Supplementary Material for: A Hospital-Based Survey on Food Allergy in the Population of Kolkata, India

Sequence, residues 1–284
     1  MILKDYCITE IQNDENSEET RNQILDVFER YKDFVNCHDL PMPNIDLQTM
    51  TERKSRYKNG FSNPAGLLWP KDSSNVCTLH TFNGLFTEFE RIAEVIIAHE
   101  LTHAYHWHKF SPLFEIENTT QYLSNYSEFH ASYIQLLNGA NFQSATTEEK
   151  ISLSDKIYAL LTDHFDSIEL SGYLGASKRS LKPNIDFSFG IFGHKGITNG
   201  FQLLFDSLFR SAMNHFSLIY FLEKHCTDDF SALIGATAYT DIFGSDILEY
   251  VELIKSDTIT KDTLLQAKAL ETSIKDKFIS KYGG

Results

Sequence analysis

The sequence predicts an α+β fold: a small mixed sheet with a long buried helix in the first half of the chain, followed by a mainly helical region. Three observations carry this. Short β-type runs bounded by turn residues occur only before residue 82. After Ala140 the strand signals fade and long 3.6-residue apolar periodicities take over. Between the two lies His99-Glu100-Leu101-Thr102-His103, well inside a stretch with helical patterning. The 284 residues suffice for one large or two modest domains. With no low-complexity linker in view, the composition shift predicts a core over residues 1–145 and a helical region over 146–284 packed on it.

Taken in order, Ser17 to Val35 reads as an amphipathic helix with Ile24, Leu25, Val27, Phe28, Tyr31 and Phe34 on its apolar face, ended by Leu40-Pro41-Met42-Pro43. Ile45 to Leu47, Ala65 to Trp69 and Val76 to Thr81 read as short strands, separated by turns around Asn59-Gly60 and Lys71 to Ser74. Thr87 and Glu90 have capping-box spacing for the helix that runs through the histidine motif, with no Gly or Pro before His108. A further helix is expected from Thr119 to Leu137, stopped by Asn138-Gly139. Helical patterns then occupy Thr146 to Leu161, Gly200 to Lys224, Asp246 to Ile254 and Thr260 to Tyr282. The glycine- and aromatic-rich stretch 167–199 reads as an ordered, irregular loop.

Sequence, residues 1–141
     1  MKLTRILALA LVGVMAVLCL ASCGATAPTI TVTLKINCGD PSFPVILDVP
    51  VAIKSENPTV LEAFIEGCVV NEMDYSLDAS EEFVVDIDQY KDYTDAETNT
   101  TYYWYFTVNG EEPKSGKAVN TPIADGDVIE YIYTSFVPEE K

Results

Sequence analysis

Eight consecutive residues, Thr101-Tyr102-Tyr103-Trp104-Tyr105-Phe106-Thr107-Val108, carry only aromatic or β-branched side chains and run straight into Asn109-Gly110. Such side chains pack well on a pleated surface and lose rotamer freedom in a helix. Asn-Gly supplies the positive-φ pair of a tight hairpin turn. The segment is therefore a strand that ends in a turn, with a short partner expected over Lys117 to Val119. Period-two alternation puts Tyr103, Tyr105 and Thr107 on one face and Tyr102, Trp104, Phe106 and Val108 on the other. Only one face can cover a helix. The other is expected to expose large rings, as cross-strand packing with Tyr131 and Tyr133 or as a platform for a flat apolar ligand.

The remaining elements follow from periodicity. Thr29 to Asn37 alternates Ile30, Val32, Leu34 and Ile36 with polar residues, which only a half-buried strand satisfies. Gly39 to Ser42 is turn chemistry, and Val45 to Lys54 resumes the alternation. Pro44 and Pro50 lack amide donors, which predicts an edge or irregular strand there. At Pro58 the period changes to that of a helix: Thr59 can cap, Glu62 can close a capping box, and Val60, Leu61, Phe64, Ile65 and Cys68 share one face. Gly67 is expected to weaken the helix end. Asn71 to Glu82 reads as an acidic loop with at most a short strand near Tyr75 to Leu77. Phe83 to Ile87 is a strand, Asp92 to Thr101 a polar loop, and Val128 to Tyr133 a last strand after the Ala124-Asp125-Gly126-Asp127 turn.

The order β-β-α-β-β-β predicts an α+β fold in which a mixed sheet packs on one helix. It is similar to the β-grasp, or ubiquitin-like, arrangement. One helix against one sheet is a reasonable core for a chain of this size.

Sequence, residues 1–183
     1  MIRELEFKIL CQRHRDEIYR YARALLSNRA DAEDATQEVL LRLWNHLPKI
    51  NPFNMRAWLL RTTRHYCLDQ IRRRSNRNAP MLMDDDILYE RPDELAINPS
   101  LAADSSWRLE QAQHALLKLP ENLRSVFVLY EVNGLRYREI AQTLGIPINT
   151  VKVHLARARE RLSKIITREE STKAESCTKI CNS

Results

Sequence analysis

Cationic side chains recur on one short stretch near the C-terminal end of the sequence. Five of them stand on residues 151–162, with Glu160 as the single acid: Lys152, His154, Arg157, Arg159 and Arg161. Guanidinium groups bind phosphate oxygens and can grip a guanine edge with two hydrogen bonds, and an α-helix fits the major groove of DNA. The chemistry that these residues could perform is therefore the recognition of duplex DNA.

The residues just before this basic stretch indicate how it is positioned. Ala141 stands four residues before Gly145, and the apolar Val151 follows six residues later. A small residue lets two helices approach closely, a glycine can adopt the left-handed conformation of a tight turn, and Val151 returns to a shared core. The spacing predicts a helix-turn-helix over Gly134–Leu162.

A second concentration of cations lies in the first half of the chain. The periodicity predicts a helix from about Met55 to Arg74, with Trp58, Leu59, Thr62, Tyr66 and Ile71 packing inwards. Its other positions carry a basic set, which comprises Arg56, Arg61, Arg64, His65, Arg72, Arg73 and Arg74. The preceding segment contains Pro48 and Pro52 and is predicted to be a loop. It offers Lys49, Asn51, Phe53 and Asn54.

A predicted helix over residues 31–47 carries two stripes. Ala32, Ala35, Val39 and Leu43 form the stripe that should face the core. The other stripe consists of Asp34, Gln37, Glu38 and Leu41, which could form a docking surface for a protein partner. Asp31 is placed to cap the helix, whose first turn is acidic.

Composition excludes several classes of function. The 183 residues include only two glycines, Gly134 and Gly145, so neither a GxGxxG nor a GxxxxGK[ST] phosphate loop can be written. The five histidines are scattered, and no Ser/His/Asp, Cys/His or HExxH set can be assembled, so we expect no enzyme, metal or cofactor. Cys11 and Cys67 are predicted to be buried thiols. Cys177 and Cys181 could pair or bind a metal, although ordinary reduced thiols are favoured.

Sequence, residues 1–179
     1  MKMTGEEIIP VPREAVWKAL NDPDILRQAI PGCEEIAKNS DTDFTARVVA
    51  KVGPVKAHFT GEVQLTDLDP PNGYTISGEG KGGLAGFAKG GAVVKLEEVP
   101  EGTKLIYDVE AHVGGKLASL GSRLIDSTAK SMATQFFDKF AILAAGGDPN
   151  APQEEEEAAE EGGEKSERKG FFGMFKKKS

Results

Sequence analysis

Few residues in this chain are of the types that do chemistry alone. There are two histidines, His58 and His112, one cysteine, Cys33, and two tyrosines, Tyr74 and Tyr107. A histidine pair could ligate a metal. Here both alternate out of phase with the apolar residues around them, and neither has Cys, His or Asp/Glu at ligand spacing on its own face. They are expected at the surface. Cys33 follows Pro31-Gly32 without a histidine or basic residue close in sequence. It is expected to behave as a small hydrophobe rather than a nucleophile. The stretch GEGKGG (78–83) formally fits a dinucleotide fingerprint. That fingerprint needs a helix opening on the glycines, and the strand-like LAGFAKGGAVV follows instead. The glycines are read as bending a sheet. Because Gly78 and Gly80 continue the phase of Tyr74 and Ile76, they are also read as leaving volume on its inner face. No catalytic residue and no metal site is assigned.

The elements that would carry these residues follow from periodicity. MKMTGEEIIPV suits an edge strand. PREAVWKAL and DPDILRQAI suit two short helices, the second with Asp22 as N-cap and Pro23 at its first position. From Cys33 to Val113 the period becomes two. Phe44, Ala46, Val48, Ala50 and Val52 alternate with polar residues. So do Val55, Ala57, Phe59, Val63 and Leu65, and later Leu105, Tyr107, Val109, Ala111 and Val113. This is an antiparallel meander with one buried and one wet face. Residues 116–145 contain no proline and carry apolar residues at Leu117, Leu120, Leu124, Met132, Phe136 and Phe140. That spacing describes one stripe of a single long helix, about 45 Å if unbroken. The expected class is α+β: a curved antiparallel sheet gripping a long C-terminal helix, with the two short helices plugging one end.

<b><i>Background:</i></b> Food allergy is increasing worldwide, and Asian countries are not the exception. Still, ample data are lacking in India. We conducted a cross-sectional study in a metropolis of Eastern India to record the presence of food allergy among the local population. <b><i>Methods:</i></b> The prevalence of food allergy was investigated among patients reporting to The Institute of Child Health and Mediland Diagnostics in Kolkata, India. A total of 5,161 patients were subdivided into 3 age groups and surveyed accordingly. The evaluation was conducted via a questionnaire and a skin prick test. <b><i>Results:</i></b> Among the 5,161 patients tested, 4,160 showed a positive response to one or more food items. Banana (32%), brinjal (29%), wheat (22%), and egg (23%) were found to be dominant allergens. Sixty-three percent of patients with a family history of allergy showed either a sudden or an insidious mode of onset, whereas the remaining 37% suffered insidious allergic symptoms with no record of a family history of allergy. Skin rashes, cough, and sneezing were the major symptoms observed. Patients in the age group of 15-40 years were the most susceptible. <b><i>Conclusion:</i></b> It has been observed that certain specific foods consumed in specific regions cause allergies that are unique to their respective populations. In the present study, the most commonly consumed foods in the studied area, e.g. banana, brinjal, wheat, and egg, had severe effects on the local population. Complementary studies in other countries as well as in other parts of India will allow us to gain further insight into this fact. Some other influencing factors were found to be genetics, cultural habits, and occupation. Avoidance of the allergy-causing food is the best way to deal with food allergy.